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Canada-the Democratic Republic of Congo relations

Bilateral relations

Canada is active in the Democratic Republic of Congo (DRC) through diplomacy, international and humanitarian assistance, security support and trade relations. Canada contributes to the development of the DRC through its program of international aid and humanitarian assistance, in close collaboration with civil society and its international partners. Through its support of the United Nations Organization Stabilization Mission in the DRC (MONUSCO), Canada contributes to national and international efforts to ensure stabilization and the building of a lasting peace and thereby the protection of civilians, particularly children, from violence and human rights violations.

In the DRC, Canada is represented by the Embassy of Canada to the Democratic Republic of Congo. The first Canadian ambassador was accredited to the DRC in 1962, and the embassy in Kinshasa opened in 1965. The embassy was closed between 1993 and 1997 in protest against the Mobutu regime's human rights violations.

The Democratic Republic of Congo has been represented in Canada by an embassy in Ottawa since 1965. 

Congolese students in Canada

In the 2018 to 2019 fiscal year, there were 2,073 Congolese studying in Canada.

Trade relations

There are significant Canadian mining investments in the DRC. Trade relations between Canada and the DRC are modest. In 2020, trade between Canada and the DRC totalled $164 million.

In 2020, the value of Canadian exports to the DRC reached $21.3 million. Canada exports mostly transport equipment, animal products, textiles, machinery and electric appliances, and mineral products.

In 2020, the value of Canadian imports from the DRC totalled $142.8 million. Canada primarily imports metals, vegetable products and wood.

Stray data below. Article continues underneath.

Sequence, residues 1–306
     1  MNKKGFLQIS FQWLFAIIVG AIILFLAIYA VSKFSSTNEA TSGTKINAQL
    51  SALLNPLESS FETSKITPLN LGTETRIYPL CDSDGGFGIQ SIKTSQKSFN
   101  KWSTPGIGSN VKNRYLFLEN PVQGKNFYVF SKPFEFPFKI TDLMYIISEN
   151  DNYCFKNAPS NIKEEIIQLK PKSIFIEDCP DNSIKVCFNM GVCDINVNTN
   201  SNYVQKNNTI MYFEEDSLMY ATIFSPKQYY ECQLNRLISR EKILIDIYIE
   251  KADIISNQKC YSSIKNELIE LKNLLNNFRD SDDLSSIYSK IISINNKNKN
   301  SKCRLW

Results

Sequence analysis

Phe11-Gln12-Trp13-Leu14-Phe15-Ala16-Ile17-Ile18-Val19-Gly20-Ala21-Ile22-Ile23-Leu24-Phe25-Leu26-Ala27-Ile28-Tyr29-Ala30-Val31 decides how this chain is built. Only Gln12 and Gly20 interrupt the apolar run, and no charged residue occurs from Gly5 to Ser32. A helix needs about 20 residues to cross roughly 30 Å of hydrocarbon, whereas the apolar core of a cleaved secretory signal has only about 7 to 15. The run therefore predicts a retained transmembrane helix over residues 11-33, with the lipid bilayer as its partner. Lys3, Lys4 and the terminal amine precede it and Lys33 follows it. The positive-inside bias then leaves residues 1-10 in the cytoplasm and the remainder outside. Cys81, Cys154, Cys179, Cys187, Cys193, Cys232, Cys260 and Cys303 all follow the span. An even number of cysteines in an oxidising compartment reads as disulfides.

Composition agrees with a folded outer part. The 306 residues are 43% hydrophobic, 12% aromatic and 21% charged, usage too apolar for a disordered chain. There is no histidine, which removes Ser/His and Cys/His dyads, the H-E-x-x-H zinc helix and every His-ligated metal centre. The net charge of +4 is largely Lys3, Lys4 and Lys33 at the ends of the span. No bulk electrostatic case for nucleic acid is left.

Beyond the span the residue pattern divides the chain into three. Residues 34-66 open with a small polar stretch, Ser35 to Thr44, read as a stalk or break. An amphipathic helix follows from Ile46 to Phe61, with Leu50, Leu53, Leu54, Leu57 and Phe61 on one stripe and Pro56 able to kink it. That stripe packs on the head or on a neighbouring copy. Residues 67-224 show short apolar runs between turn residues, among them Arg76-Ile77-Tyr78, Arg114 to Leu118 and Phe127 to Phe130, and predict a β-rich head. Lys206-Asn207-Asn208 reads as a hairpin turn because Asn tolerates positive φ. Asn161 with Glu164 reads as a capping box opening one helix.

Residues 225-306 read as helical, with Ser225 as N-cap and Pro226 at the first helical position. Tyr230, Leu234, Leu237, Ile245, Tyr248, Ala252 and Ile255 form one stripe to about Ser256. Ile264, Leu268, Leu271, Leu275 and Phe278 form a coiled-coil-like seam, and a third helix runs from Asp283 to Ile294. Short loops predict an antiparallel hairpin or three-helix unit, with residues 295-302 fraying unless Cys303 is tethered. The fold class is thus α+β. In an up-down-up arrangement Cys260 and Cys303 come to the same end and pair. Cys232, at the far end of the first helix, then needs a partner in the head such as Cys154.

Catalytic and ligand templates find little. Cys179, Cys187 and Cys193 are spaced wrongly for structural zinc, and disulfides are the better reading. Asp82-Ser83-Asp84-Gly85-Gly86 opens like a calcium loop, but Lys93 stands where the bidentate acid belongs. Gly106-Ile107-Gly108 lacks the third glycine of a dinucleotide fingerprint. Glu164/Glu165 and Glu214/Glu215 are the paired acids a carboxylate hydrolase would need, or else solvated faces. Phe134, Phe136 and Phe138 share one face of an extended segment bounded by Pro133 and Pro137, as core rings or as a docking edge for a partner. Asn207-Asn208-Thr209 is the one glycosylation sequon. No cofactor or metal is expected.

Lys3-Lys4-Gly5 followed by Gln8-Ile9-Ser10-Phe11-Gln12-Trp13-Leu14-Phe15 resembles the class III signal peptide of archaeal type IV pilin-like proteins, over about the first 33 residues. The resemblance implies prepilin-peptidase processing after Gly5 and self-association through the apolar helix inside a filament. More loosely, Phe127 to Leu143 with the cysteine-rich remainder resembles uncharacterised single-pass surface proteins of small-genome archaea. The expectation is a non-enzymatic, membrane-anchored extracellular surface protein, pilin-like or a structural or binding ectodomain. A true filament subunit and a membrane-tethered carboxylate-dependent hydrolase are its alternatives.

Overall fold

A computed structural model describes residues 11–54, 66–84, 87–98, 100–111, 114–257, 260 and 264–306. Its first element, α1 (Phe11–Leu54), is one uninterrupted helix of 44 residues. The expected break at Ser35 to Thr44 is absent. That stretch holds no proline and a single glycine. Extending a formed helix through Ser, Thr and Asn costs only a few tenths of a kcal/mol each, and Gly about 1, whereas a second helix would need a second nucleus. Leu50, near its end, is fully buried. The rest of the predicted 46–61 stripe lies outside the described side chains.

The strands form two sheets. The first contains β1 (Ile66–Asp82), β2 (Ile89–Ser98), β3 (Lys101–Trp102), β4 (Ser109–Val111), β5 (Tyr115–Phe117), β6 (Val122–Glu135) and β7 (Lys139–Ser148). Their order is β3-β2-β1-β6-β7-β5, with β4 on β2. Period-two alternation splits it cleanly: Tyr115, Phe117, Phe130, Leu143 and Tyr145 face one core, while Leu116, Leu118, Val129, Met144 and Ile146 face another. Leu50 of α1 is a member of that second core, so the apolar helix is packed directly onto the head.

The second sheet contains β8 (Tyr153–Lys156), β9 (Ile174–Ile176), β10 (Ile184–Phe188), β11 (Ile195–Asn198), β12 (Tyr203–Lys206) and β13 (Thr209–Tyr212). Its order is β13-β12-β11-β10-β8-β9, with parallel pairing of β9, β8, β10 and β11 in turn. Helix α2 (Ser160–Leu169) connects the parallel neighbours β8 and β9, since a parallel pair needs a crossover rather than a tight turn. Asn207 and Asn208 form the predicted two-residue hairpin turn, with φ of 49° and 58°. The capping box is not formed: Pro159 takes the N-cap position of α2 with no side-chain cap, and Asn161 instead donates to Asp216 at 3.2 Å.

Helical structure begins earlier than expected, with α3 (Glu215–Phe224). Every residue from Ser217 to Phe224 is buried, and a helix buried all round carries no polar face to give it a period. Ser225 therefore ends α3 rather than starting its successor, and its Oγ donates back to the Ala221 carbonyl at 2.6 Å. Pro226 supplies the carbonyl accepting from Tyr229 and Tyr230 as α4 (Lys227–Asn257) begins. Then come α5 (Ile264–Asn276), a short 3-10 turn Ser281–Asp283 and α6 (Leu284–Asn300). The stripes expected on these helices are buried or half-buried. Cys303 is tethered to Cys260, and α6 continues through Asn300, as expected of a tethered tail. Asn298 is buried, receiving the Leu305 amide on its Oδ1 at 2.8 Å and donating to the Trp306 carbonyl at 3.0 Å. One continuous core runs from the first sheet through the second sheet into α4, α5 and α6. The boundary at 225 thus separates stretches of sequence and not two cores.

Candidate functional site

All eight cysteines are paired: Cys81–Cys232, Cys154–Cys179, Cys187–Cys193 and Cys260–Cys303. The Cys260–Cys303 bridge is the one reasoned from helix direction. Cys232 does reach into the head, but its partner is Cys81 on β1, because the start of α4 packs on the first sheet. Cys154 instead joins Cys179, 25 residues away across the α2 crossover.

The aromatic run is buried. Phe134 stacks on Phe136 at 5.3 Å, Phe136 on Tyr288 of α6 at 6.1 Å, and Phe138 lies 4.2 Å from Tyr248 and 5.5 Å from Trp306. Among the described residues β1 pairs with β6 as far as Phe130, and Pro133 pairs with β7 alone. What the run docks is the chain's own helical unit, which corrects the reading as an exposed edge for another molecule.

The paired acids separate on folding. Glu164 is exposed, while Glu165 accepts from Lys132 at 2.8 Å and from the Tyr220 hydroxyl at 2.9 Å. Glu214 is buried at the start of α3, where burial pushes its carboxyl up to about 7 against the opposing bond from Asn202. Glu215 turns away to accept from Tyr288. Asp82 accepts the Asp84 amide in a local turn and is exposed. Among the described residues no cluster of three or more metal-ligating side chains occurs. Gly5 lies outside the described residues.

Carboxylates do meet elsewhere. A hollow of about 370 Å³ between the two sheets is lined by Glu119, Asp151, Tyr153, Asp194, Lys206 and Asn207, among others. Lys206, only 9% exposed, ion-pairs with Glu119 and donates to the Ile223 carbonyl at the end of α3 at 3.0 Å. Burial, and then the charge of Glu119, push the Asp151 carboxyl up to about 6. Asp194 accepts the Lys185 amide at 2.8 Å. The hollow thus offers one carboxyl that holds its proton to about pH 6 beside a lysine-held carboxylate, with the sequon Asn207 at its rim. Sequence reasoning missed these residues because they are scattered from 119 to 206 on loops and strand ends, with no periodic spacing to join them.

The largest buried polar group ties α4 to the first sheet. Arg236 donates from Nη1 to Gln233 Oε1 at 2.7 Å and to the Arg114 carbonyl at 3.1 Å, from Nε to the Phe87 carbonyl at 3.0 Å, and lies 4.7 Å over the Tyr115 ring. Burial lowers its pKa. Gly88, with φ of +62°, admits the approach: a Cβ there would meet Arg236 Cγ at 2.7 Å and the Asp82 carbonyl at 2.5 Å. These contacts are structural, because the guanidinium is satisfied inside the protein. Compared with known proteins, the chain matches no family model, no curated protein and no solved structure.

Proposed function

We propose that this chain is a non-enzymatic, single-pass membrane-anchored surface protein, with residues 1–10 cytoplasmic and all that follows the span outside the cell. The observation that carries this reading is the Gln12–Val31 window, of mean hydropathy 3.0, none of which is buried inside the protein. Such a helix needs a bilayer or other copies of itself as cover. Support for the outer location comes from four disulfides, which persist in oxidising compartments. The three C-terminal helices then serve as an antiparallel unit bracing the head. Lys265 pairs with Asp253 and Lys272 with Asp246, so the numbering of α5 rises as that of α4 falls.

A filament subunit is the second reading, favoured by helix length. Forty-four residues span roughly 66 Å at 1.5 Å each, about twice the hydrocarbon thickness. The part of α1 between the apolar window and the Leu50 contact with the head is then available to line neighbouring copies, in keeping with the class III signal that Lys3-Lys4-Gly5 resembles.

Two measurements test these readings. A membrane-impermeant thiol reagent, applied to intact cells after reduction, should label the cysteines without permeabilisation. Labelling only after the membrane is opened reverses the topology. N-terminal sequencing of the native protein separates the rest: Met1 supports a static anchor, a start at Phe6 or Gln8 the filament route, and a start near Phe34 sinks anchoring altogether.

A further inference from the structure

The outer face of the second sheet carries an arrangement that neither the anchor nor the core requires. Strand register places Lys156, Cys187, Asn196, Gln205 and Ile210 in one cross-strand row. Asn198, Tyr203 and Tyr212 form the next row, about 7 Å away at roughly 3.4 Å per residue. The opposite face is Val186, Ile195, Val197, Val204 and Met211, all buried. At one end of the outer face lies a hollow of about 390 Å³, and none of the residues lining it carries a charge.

In 2020, Canadian direct investment in the DRC amounted to a value of $531 million. There is no data available regarding Congolese direct investment in Canada.

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Development

In accordance with its Feminist International Assistance Policy, Canada is implementing a development program in the DRC that prioritizes 3 pillars:

  1. gender equality and combatting sexual and gender-based violence
  2. health, including sexual and reproductive health and rights
  3. inclusive governance and child protection

The DRC is the tenth-largest recipient of Canadian development assistance, having received $121.02 million in the 2020-2021 fiscal year (April 1 to March 31), of which $110.58 million came from Global Affairs Canada.

A significant portion of the Canadian aid in the DRC is in the form of humanitarian assistance delivered to people affected by conflict and disasters in the DRC. Canada's humanitarian assistance in the DRC helps to provide food, treatment for acute malnutrition, drinking water, hygiene products, sanitation systems, health and protection services (including medical and psychosocial support to survivors of sexual violence), infection prevention and diagnosis services and livelihood support for vulnerable populations.